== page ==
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French Connection, The (1971)

The French Connection dramatised the case of real-life New York detective Eddie Egan (the Popeye Doyle character) and his partner Salvatore ‘Sonny’ Grosso (the Buddy Russo character), who not only acted as technical advisers but also appeared in small roles in the film. It also re-wrote the rule book on cops and robbers movies.

First was the inclusion of narcotics officer “Popeye” Doyle (Gene Hackman) – a blueprint for characters who became commonplace on TV shows like NYPD Blue and Hill Street Blues.

From his constant drinking and racial slurs to his shocking shooting in the back of an escaping felon, he managed to polarise the audience. This was after all a real human being, with all of his bad points laid out for analysis.

Hanging out at an Eastside bar after work, ‘Popeye’ and ‘Cloudy’ notice suspiciously large sums of money being flashed by crooked playboy Sal Boca (Tony Lo Bianco), and on a long-shot decide to tail him through the icy winter night.

At about 7 o’clock in the morning, they witness a drug drop at a corner store that soon puts them in hot pursuit of French drug boss Alain Charnier (Fernando Rey).

With the help of French actor Henri Devereaux (Frederic De Pasquale), Charnier intends to flood the practically bone-dry New York drug market – a plan Doyle and Russo (who give the Frenchmen the labels “Frog One” and “Frog Two” while tailing them) will stop at nothing to foil.

Nobody is willing to believe the allegations of the two cops – and with good reason. Not only does the fanatic Doyle have a reputation that precedes him among the city’s scum, but his dubious crime-fighting methods have also tarnished his name among fellow officers and his superiors.

This, however, all proves of no consequence when the two detectives locate Devereaux’s car – an opulent Lincoln Continental which seems to be peculiarly overweight . . .

The shoot took place over five weeks on location during the harsh New York winter of 1970 and 1971, forcing both cast and crew to battle against often sub-zero temperatures. And much of the energy that sparks the film to life is the result of brilliant improvisation.

Hired on the basis of only two films (The Night They Raided Minsky’s and The Boys In The Band), director William Friedkin made the studio nervous, and rightly so.

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The maverick director soon proved to be a nightmare, prone to intense fits of rage which, while shocking at the time, were only a taste of what was to come on the set of The Exorcist (1973).

For all his hollering and insults, though, the tension that Friedkin brought to the set paid off – the movie took Best Film and Best Director at the 1971 Academy Awards – and is splashed across the screen every time Hackman grits his teeth and hisses in the face of a perp (Hackman won the Best Actor Oscar).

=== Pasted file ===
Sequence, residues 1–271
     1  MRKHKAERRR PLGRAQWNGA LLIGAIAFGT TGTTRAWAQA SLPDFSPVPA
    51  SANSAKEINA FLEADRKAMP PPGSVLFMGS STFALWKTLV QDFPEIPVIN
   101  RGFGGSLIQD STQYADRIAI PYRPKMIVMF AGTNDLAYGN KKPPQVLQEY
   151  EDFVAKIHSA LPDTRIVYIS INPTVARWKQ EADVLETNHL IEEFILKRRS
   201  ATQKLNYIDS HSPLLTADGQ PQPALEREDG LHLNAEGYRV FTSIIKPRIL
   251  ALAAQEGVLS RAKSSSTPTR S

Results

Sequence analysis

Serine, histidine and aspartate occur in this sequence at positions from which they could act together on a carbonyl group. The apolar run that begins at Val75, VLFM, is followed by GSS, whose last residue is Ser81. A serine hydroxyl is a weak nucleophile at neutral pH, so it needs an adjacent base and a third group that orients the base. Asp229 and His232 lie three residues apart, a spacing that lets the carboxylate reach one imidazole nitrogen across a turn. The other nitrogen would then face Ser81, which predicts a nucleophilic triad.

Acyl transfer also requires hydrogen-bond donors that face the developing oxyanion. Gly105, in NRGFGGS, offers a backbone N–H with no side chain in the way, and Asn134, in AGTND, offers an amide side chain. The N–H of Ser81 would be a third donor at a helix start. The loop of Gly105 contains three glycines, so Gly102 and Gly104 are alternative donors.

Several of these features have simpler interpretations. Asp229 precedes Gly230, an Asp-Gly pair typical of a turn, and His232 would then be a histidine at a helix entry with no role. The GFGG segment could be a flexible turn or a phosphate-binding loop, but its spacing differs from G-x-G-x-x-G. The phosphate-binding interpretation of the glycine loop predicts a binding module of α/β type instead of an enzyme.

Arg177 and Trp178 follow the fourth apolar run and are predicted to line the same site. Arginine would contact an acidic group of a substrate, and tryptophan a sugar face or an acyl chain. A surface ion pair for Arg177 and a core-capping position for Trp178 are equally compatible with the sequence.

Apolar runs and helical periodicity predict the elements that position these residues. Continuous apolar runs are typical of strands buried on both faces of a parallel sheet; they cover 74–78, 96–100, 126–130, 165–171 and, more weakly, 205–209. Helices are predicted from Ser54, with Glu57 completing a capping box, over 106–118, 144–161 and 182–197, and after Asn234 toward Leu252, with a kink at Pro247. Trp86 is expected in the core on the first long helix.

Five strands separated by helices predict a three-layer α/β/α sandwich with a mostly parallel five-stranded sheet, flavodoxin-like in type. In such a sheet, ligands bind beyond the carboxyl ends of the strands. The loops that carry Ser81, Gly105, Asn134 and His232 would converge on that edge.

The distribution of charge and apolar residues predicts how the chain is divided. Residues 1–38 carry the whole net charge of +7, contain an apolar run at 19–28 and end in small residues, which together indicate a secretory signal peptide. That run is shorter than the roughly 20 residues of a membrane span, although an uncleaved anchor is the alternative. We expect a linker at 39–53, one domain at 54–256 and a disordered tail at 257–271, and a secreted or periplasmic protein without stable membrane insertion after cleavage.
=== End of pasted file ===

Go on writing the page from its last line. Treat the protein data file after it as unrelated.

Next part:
In Popeye Doyle, we feel sympathy for this awkward pig of a man – simply because his flaws are believable, much like everything else in The French Connection.

The famous car-pursuing-train chase in which we see Doyle in a Pontiac sedan chasing French drug smuggler Pierre Nicoli (Marcel Bozzufi) in an elevated subway carriage was initially added to the screenplay simply as a way to up the commercial ante – Producer Philip D’Antoni felt that the reason Bullitt  (1968) had done so well was because of the hair-raising car chase through the streets of San Francisco and insisted there be one in this film as well.

Friedkin obliged, deciding to violate traffic laws rather than prearrange to have the street blocked off in order to add to the naturalism and almost documentary feel of the film.

Friedkin staged the action in Brooklyn’s Bensonhurst in one continuous take with wildman stunt driver Bill Hickman driving some 26 blocks at 90 mph, narrowly missing real-life pedestrians in the name of unadulterated excitement.

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The movie ends with an almost surreal sequence. We watch as a forlorn Doyle stumbles aimlessly into the darkness until he disappears completely. A lone shot is suddenly heard, but we are left with no answers as to who plugged whom or why.

It is an intriguingly obscure conclusion that even goes unexplained in the 1975 John Frankenheimer sequel The French Connection II, a piece that would prove to be yet another undisputed milestone in police drama.

The French Connection was a huge hit, reaping $26.3 million in US rentals before it played out, plus $12 million in foreign sales and $2 million in television sales.

Detective Jimmy ‘Popeye’ Doyle
Gene Hackman
Detective Buddy ‘Cloudy’ Russo
Roy Scheider
Alain Charnier
Fernando Rey
Sal Boca
Tony Lo Bianco
Pierre Nicoli
Marcel Bozzuffi
Henri Devereaux
Frederic De Pasquale
Bill Mulderig
Bill Hickman
Mrs Marie Charnier
Ann Rebbot
Joel Weinstock
Harold Gary
Angie Boca
Arlene Farber
Commander Walt Simonson
Eddie Egan
Bill Klein
Sonny Grosso

Director
William Friedkin